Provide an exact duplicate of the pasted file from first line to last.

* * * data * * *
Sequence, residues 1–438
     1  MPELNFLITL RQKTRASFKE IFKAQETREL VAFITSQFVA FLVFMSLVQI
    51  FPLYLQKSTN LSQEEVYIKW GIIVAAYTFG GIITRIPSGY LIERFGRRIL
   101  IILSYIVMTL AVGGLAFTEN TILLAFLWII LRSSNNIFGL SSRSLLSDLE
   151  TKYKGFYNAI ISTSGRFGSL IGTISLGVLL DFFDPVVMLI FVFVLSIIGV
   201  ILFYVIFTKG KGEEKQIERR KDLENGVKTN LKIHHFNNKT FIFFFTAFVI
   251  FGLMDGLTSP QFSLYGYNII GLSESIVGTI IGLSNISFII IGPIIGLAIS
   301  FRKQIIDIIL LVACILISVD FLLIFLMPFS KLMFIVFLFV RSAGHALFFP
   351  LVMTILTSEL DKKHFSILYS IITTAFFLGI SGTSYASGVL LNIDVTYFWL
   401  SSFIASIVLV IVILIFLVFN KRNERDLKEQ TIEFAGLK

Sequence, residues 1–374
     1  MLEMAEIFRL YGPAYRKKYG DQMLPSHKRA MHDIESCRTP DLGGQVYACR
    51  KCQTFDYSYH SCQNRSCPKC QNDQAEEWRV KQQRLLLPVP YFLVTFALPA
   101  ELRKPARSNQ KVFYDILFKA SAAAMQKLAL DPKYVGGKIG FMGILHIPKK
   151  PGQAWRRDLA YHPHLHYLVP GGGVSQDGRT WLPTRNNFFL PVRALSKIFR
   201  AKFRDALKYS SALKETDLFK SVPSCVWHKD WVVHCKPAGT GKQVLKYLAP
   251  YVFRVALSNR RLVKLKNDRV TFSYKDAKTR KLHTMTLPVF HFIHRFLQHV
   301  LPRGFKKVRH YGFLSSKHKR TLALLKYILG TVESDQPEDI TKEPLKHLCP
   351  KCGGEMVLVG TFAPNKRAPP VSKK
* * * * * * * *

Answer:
Sequence, residues 1–438
     1  MPELNFLITL RQKTRASFKE IFKAQETREL VAFITSQFVA FLVFMSLVQI
    51  FPLYLQKSTN LSQEEVYIKW GIIVAAYTFG GIITRIPSGY LIERFGRRIL
   101  IILSYIVMTL AVGGLAFTEN TILLAFLWII LRSSNNIFGL SSRSLLSDLE
   151  TKYKGFYNAI ISTSGRFGSL IGTISLGVLL DFFDPVVMLI FVFVLSIIGV
   201  ILFYVIFTKG KGEEKQIERR KDLENGVKTN LKIHHFNNKT FIFFFTAFVI
   251  FGLMDGLTSP QFSLYGYNII GLSESIVGTI IGLSNISFII IGPIIGLAIS
   301  FRKQIIDIIL LVACILISVD FLLIFLMPFS KLMFIVFLFV RSAGHALFFP
   351  LVMTILTSEL DKKHFSILYS IITTAFFLGI SGTSYASGVL LNIDVTYFWL
   401  SSFIASIVLV IVILIFLVFN KRNERDLKEQ TIEFAGLK

Sequence, residues 1–374
     1  MLEMAEIFRL YGPAYRKKYG DQMLPSHKRA MHDIESCRTP DLGGQVYACR
    51  KCQTFDYSYH SCQNRSCPKC QNDQAEEWRV KQQRLLLPVP YFLVTFALPA
   101  ELRKPARSNQ KVFYDILFKA SAAAMQKLAL DPKYVGGKIG FMGILHIPKK
   151  PGQAWRRDLA YHPHLHYLVP GGGVSQDGRT WLPTRNNFFL PVRALSKIFR
   201  AKFRDALKYS SALKETDLFK SVPSCVWHKD WVVHCKPAGT GKQVLKYLAP
   251  YVFRVALSNR RLVKLKNDRV TFSYKDAKTR KLHTMTLPVF HFIHRFLQHV
   301  LPRGFKKVRH YGFLSSKHKR TLALLKYILG TVESDQPEDI TKEPLKHLCP
   351  KCGGEMVLVG TFAPNKRAPP VSKK